There are many examples where publishers have to make a choice to internalise costs or push the risk downstream. Checking for image manipulation is a good example. This remains costly, and in most cases prohibitively so, to apply to every submitted image so spot checking is common, or restricting checks to accepted articles. But that passes the cost downstream, either to the next journal in the submission chain, or to the community of readers. Readers may even be unable to check images because of format shifting and resolution changes in the production process to reduce publisher costs. Unfortunately most of these decisions are done quietly without any publicity. It remains almost impossible to determine across journals exactly what checks are carried out, with what frequency, and at which stage.
What does this mean?
First and foremost, don’t take anyone who says “the cost of an article is [or should be] X” seriously unless they are very, very, clear on exactly what parts of the process of publishing they are talking about and the context in which those parts are taking place. Second, we need to get much more explicit about what services are being provided. There have been a range of efforts to try and improve on this, but they’ve not really taken off, at least in part because they’re not really in the interests of the big publishers, who benefit the most from playing the games I’ve described here. As I’ve argued elsewhere we need a much better understanding of how shifting the costs from the publisher balance sheet, to the academic worker, or institutional infrastructure, play out. How do cash costs of managing a strong quality assurance process within a publisher scale when they become the non-cash costs of an academic editor, or referee’s time? When they become the time wasted by researchers on following up on fatally flawed research?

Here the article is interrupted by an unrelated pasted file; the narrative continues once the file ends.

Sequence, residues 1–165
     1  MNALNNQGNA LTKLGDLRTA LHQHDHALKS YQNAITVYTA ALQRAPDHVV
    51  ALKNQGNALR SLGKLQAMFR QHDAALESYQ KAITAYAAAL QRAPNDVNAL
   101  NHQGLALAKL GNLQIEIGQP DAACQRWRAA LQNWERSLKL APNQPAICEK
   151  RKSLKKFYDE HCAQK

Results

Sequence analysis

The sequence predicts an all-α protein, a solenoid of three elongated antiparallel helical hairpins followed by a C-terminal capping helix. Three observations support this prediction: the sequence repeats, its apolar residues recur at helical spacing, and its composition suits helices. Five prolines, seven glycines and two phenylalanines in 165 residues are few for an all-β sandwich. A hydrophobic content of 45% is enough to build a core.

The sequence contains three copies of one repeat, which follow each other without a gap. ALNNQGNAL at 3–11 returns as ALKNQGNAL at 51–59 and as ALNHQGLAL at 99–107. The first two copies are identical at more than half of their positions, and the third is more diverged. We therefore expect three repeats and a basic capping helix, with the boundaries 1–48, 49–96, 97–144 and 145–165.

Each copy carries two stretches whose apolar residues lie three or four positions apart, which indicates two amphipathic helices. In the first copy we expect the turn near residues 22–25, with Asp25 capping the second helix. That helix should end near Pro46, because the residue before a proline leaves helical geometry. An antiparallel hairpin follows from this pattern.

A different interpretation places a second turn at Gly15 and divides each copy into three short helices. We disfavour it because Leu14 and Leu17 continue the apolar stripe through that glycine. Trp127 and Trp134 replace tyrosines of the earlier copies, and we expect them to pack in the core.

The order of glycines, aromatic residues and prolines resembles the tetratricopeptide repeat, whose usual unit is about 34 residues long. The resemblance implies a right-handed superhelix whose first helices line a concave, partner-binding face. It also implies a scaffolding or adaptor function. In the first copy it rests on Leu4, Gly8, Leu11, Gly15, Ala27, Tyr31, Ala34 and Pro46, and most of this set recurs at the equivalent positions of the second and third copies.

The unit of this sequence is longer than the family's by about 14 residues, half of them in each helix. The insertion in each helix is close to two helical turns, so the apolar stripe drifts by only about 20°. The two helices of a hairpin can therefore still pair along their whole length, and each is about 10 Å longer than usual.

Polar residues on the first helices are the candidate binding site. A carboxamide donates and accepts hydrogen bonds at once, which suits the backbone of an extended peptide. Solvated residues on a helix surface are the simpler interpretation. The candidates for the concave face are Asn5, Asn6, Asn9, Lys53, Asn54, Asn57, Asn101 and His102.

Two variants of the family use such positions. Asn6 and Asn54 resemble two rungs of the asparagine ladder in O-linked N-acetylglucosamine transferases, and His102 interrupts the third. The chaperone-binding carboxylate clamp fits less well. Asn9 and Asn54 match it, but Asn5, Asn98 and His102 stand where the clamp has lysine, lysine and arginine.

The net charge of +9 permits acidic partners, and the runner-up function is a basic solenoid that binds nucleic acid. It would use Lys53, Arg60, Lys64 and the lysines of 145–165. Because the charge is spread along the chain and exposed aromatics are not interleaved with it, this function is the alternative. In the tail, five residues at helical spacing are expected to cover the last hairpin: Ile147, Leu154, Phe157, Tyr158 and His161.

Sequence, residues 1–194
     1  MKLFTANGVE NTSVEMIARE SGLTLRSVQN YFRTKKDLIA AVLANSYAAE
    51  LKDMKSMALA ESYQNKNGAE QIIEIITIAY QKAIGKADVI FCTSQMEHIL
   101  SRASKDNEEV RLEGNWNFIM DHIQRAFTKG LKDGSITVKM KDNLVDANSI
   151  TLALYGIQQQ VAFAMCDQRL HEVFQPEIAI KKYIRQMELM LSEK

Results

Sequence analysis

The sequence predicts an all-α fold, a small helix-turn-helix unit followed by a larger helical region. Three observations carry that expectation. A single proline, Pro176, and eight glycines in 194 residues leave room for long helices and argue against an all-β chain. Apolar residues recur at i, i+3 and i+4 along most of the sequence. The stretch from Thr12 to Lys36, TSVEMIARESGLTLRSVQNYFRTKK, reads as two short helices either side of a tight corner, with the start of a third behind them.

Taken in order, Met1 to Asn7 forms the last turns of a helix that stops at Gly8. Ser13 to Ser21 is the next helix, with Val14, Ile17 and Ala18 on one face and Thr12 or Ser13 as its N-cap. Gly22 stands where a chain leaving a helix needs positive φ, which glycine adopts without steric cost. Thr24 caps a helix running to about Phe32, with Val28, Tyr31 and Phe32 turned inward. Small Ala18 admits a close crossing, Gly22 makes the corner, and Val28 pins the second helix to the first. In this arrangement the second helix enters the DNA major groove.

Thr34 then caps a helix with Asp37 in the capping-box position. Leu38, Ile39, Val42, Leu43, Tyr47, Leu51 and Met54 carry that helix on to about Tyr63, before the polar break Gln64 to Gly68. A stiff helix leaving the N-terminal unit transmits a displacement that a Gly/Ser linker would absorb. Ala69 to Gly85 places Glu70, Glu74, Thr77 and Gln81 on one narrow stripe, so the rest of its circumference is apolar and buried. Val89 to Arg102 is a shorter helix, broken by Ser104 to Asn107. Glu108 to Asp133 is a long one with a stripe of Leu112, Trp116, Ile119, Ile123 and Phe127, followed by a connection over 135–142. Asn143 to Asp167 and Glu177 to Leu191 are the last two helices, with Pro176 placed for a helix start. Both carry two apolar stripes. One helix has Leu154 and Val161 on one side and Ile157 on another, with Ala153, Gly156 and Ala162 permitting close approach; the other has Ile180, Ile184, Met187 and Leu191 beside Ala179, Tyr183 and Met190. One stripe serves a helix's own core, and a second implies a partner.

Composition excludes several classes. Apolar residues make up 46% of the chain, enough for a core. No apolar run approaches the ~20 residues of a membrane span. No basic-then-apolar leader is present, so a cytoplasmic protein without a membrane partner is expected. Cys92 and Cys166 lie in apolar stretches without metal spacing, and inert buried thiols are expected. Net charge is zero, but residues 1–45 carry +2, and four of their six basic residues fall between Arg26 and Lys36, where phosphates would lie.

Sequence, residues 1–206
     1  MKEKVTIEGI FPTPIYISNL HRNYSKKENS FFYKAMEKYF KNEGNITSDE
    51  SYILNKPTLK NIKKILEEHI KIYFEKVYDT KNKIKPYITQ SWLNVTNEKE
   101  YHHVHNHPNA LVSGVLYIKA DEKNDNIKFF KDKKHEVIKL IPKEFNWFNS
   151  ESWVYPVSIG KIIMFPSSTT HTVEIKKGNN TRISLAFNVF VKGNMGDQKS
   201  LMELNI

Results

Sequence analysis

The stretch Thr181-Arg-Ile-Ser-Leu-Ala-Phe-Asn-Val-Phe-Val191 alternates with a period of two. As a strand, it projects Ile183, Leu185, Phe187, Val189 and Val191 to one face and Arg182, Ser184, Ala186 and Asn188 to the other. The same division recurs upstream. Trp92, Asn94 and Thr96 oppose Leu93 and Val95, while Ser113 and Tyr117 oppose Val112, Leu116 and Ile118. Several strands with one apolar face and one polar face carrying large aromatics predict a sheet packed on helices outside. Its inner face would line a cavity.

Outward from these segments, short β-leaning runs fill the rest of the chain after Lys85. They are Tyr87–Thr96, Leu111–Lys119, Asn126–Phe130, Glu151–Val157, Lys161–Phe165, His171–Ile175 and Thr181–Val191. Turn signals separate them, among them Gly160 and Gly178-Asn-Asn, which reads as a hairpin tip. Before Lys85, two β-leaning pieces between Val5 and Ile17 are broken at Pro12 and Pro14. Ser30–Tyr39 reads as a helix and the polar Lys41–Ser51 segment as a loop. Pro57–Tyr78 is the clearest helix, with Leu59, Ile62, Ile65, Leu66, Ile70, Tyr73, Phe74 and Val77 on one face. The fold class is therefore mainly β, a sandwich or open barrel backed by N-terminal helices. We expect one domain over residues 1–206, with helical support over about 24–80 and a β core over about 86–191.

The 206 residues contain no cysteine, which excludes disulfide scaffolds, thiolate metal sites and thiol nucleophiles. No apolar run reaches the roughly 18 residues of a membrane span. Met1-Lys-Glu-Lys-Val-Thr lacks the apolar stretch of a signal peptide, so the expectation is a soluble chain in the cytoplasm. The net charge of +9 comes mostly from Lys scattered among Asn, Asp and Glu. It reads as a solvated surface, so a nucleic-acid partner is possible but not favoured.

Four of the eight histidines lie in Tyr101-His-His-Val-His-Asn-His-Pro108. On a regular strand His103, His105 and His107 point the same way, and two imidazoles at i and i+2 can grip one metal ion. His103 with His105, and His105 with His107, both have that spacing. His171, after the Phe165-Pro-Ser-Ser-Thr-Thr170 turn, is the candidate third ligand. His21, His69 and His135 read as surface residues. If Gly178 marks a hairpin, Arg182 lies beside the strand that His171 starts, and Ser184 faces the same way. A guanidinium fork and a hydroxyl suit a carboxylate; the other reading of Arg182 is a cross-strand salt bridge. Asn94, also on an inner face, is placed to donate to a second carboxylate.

All of the above relates to costs, and none of the above relates to price. We also need a better understanding of the political economics of pricing. Particularly we need to understand where we are creating a luxury goods market where price (either in work to get through the selection process or in money) drives the perception of brand, which reinforces the perceived value of the investment, and therefore leads to an increase in price. Be very wary of claims that publishing is a “value driven market”. This is both a way of avoiding a discussion of internal costs, which in some cases are outrageous, and of avoiding the discussion about precisely which services are being provided. It’s also a captive market. Another value-based market is plane flights out of Florida this week…
Above all, we need a much more sophisticated understanding and far better models of how costs are being distributed across the system in cash and non-cash costs, in labour and in capital. Overall we can point at the direction of travel, and the problems with existing pricing and cost structures. But its hard to make usable predictions or good design decisions without a lot more data. Getting that data out of the system as it exists at the moment will be hard, but the direction of travel is positive. There’s nothing wrong with publishers making a surplus, but any conversation about what kind of surplus is “appropriate” needs to based on a much deeper understanding of all the costs in the system.